Friday, June 4
17:30–18:30 (Helsinki, EEST, UTC +3), Congress Room 1
Chair: María José Alcaraz León
Katherine Melcher (University of Georgia, USA):
Aesthetics at the End of the World: The Arts of Sensing, Noticing, and Enjoying
Attempts to bridge sustainability and aesthetics within landscape architecture have focused on questions such as: how can aesthetics help us create landscapes that “provoke those who experience them to be more aware of how their actions affect the environment, and to care enough to make changes in their actions” (Meyer 31–32; see also Treib)? This formulation turns aesthetics into a means for an end, a tool to solve problems such as climate change. Although this aim is laudable, it reduces aesthetics to an instrumental purpose, and aesthetics loses its “purposiveness without a purpose” (Kant).
In this paper I argue that this instrumentalizing of aesthetics comes from enframing climate change as a technical problem. Martin Heidegger’s “The Question Concerning Technology,” Jean Luc Nancy’s After Fukushima, and Anna Tsing’s The Mushroom at the End of the World provide a rethinking of climate change that can help us expand the role of aesthetics in face of global environmental catastrophes. Reading Heidegger, Nancy, and Tsing together produces an interpretation of climate change as an entanglement of technological solutions and natural forces feeding into each other in a manner that cannot be solved by more means-end thinking.
An alternative way of thinking requires aesthetic exploration. Aesthetics is not just a means to making an environmental good palatable, like placing a cheese sauce on the spinach that we do not want to eat. It is living in the world in a manner that celebrates what threatens to be obliterated by technological thought. In this way, aesthetics is a site of resistance to the technological thinking that has spiraled into climate change. Aesthetics can be, to reinterpret Kant, what we find in our experiences that escapes scientific and moral reasoning. An aesthetic response to climate change would be to cultivate curiosity and “arts of noticing” (Tsing 255) in the “here and now and in the little things” (Heidegger 338) and to value the experiences and relations of life that are incommensurable (Nancy). It might sound nihilistic to proclaim, as Tsing does, that when faced with the end of the world, we should go for a walk. But perhaps, in these walks, in searching for delight and wonder in our immediate surroundings, we can counteract the technological mindset that has led us here.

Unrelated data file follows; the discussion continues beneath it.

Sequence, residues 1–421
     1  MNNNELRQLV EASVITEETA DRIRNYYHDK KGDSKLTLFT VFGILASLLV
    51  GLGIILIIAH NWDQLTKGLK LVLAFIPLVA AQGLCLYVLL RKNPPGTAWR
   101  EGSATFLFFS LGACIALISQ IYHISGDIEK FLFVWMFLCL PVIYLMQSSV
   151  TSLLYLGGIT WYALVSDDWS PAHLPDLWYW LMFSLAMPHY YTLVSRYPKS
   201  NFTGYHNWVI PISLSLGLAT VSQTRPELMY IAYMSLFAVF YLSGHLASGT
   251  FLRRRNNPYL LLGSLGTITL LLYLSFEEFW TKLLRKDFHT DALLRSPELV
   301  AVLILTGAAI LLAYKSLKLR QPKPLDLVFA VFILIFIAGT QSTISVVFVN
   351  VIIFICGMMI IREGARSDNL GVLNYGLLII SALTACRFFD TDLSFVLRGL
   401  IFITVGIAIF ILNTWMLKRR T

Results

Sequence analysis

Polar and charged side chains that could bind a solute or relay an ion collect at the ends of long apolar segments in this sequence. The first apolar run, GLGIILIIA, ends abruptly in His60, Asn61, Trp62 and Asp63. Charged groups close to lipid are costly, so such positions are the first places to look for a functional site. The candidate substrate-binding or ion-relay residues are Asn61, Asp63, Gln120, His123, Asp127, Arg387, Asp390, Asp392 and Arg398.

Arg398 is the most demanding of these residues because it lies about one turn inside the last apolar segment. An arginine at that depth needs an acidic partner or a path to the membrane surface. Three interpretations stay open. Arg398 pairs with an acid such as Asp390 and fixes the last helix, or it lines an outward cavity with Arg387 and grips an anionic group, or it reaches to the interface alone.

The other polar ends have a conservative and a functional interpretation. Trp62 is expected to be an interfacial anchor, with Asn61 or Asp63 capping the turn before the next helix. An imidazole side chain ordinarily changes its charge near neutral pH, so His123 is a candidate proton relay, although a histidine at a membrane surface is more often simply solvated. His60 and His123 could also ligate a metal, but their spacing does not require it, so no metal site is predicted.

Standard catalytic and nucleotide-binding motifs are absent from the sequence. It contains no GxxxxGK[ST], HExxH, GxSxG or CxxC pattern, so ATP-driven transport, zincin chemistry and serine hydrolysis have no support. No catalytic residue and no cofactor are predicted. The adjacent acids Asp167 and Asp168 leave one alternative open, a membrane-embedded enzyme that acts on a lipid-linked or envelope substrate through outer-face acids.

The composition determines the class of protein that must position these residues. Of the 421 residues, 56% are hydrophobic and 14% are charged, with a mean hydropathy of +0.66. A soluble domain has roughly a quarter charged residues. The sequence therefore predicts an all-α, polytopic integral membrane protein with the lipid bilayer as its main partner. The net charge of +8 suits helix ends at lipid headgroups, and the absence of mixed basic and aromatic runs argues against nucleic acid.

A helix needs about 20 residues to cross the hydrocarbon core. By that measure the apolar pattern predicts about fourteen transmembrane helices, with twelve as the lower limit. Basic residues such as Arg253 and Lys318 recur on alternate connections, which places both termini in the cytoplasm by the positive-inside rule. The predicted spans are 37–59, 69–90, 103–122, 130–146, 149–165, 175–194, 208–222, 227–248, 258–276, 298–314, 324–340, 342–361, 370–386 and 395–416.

Desiree Foerster (University of Chicago, USA):
Liminal Experience of Atmospheric Processes
Atmospheric processes and processes that relate ecological media like air with our bodies are hard to grasp. Yet they condition how we experience our being in the world. This paper proposes a shift in aesthetics that can account for the liminal processes in our surroundings and how they register in our subjective experience to discuss a new sensitivity for ecological relationships. I argue that this shift allows to become more sensitive to how we experience, instead of focusing on just what we feel. To achieve this, I focus on media environments that manipulate temperature, airflow, or oxygen levels in the air, in order to affect human subjects in a bodily as well as emotionally-affective manner. I argue that media environments that intensify climatic processes so that they can be sensed, potentially change what we consider to be important in our environment and what we include in our consideration of future actions. To explore this shift, I will take media environments as case studies that I have co-created with artists and scientists to flesh out the characteristics of such an aesthetics. Lastly, I believe the media environment presented here illustrates how a practical aesthetics and prototyping can help developing new forms of knowledge in the humanities.